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Endoscopic Third Ventriculostomy for Obstructive Hydrocephalus (5259)

Endoscopic Third Ventriculostomy for Obstructive Hydrocephalus (5259) - Clinical Hub, Patient Education, Health and Nutrition Facts For You, Neuro, Rehab


Endoscopic Third Ventriculostomy
for Obstructive Hydrocephalus

What is Obstructive Hydrocephalus? (hydro=water, cephalus=head)
This is an increase of cerebral spinal fluid (CSF) in the brain. This happens when there is a
blockage of CSF flow within the brain. The blockage prevents CSF from getting to areas where
it will be reabsorbed. Tumors, cysts, or birth defects can cause this blockage.

When CSF collects in the brain, the pressure in the brain rises. Increased brain pressure can
damage brain tissue. Symptoms of increased brain pressure include:

 Headache  Feeling sleepy
 Vomiting  Blurred or double vision
 Irritability  Increase in infant’s head size
 Decrease in
 “Sunset eyes” (eyes which only look down)
 Clumsiness in older kids and adults

Normal CSF Flow Obstructive Hydrocephalus

Brain surgery treats obstructive hydrocephalus. There are two surgeries for this.

 A VP (Ventriculo-Peritoneal) Shunt is placed into a ventricle of the brain.
 The shunt is a narrow piece of tubing that drains extra CSF from the brain to the
area around the stomach (called the “peritoneum”).
 The CSF is absorbed in the peritoneum.
 In VP Shunt surgery, a small hole is made in the skull bone.
 Shunt tubing is placed through the hole into the ventricle in the brain.
 The tubing starts in the ventricle. Then it goes to a one way valve under the skin.
Then the tubing that goes to the peritoneum it attached to the valve.
 A small incision is also made in the stomach region where the tubing ends.

 An Endoscopic Third Ventriculostomy (ETV) can be made to allow CSF to flow
around the blockage and be reabsorbed.
 A small hole is made in the skull bone.
 A small camera (called an “endoscope”) is placed through this hole.
 The camera views the parts of the brain and the blockage.
 Next, a laser is used to make a small hole in the floor of the third ventricle.
 The CSF will go through the hole and around the blockage

Before Surgery
 You will need a physical exam, health review, and lab tests.
 Please stop aspirin and ibuprofen for two weeks before surgery. It is alright to use
acetaminophen (Tylenol®) if needed.
 You will wash with Sage clothes as instructed.
 You will receive a phone call the day before surgery telling you when to stop eating and
 Do not wear make-up, jewelry, or nail polish to surgery.

After Surgery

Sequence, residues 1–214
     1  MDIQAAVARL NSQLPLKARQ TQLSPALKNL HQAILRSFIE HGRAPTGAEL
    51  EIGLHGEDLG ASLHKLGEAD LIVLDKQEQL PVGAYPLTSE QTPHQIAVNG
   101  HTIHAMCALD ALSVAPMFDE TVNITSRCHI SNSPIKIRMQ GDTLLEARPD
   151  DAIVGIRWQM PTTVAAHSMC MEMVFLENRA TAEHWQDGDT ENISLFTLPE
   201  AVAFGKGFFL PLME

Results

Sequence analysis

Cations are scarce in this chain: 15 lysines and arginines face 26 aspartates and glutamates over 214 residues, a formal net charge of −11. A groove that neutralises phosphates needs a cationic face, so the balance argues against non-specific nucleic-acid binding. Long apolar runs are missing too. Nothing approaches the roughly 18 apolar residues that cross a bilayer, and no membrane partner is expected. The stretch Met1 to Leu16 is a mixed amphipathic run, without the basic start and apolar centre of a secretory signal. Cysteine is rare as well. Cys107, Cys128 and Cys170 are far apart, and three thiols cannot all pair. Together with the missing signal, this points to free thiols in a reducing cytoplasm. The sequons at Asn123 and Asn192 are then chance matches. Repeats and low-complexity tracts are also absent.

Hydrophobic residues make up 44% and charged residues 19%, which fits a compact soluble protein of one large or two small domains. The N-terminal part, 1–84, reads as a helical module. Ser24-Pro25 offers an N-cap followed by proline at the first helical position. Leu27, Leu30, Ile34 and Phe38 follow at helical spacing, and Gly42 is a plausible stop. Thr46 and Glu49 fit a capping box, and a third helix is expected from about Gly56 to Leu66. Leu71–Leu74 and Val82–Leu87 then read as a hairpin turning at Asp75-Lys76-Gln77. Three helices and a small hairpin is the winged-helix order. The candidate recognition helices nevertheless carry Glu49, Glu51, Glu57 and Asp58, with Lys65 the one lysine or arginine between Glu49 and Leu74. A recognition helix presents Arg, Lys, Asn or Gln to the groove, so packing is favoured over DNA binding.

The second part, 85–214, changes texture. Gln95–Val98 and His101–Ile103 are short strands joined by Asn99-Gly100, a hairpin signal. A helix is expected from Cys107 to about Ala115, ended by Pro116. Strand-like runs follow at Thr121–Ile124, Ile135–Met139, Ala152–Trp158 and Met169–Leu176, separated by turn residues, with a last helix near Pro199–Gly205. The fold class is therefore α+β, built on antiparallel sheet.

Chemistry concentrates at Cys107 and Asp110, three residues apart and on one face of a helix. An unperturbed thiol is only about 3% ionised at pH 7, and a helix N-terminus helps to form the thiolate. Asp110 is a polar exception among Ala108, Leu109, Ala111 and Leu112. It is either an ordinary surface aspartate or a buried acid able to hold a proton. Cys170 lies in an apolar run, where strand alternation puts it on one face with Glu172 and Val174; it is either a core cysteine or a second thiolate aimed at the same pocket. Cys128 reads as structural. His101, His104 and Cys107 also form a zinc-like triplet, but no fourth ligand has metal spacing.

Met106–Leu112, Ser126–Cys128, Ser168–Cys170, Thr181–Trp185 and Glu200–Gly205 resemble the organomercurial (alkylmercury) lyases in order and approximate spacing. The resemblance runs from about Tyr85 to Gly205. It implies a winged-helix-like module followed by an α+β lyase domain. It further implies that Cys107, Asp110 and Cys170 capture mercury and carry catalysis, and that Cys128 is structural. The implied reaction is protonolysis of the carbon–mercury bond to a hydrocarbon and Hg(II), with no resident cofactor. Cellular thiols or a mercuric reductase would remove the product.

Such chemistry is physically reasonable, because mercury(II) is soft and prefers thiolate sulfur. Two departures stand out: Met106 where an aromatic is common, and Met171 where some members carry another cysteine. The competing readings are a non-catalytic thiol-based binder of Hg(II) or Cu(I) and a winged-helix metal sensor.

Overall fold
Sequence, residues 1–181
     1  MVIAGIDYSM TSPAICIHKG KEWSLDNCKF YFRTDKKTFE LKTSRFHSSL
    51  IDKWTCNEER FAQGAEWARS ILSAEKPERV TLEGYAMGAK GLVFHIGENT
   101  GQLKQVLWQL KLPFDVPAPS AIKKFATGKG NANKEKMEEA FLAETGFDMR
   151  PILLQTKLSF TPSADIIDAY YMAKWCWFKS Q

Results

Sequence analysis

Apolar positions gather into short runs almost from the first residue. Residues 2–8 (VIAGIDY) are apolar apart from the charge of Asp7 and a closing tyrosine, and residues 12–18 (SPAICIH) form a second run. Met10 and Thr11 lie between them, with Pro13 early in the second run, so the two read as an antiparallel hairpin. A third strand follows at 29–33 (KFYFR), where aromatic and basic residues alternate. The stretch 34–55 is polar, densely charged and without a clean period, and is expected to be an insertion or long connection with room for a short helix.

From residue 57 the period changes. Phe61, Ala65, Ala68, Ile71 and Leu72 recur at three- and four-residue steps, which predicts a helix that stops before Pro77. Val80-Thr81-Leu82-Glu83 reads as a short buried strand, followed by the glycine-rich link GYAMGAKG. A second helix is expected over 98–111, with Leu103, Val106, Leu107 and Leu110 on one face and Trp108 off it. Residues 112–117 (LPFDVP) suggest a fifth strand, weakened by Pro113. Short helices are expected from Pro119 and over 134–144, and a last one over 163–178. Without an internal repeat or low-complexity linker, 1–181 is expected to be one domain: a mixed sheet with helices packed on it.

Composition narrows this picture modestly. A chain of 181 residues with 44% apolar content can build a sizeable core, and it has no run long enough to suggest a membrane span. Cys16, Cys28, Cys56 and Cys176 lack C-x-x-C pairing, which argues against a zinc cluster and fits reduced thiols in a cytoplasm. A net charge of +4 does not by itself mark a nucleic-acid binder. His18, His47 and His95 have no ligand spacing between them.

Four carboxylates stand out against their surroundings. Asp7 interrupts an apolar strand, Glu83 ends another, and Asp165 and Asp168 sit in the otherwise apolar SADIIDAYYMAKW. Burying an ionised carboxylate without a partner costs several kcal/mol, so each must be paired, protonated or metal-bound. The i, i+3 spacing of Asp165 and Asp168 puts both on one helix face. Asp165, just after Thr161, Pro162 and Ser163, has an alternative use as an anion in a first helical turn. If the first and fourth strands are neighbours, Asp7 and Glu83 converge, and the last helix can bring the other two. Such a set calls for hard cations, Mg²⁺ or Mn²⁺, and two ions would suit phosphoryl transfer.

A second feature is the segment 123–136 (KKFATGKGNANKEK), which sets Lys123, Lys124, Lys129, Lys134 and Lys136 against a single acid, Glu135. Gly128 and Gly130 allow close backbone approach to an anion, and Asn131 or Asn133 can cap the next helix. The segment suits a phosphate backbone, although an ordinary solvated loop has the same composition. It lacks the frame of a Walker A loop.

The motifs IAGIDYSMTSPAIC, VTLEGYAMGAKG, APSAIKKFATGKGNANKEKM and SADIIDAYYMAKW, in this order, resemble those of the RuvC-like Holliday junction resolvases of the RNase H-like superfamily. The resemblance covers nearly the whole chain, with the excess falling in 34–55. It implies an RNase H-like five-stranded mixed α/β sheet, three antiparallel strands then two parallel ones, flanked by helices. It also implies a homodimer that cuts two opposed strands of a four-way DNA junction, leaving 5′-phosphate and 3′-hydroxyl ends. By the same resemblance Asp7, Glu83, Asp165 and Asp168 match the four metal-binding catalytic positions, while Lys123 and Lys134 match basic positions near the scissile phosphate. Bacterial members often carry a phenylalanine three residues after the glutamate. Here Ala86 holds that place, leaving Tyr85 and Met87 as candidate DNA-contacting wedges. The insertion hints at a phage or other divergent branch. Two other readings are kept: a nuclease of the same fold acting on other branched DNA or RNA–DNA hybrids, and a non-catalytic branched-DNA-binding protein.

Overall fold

 There is mild pain involved with this. Pain relievers can be used to increase comfort.
 When you are eating and drinking normally, you will go home.
 Plan for a 3 to 5 day hospital stay.
 You will have a bandage on your head when you go home. You will need to keep this dry
and clean.
 You will have a clinic visit in 7-10 days. Your bandage and staples will be removed at this
 You should wait at least two weeks after surgery before getting any immunizations.
 You will always need regular follow-up with a neurosurgeon. You will also need MRI
scans to check the size of the ventricles.

When to Call the Neurosurgeon or Nurse Practitioner
Increased pressure in the brain can occur after surgery. Please call right away if you notice any of
these signs and symptoms.
 Frequent headaches or rubbing of the head in young infants.
 Loss of appetite, nausea, or vomiting.
 Irritability
 Feeling sleepy
 Irritability
 Blurred vision
 Sunset eyes
 Clumsiness or balance problems
 Worsening school performance
 Drainage from a wound
 Redness, pain, swelling or drainage at the wound sites
 Sudden or slow change in personality

Call with any questions.

After hours, weekends and holidays, call the paging operator at (608) 262-0486. Ask for the
neurosurgeon on call. Give your name and phone number with the area code. The doctor will call
you back.

To speak with a nurse or to schedule an appointment call (608) 263-6420, option 3

If you live out of the area, call 1-800-323-8942.

Your health care team may have given you this information as part of your care. If so, please use it and call if you
have any questions. If this information was not given to you as part of your care, please check with your doctor. This
is not medical advice. This is not to be used for diagnosis or treatment of any medical condition. Because each
person’s health needs are different, you should talk with your doctor or others on your health care team when using
this information. If you have an emergency, please call 911. Copyright © 3/2017 University of Wisconsin Hospitals
and Clinics Authority. All rights reserved. Produced by the Department of Nursing. HF#5259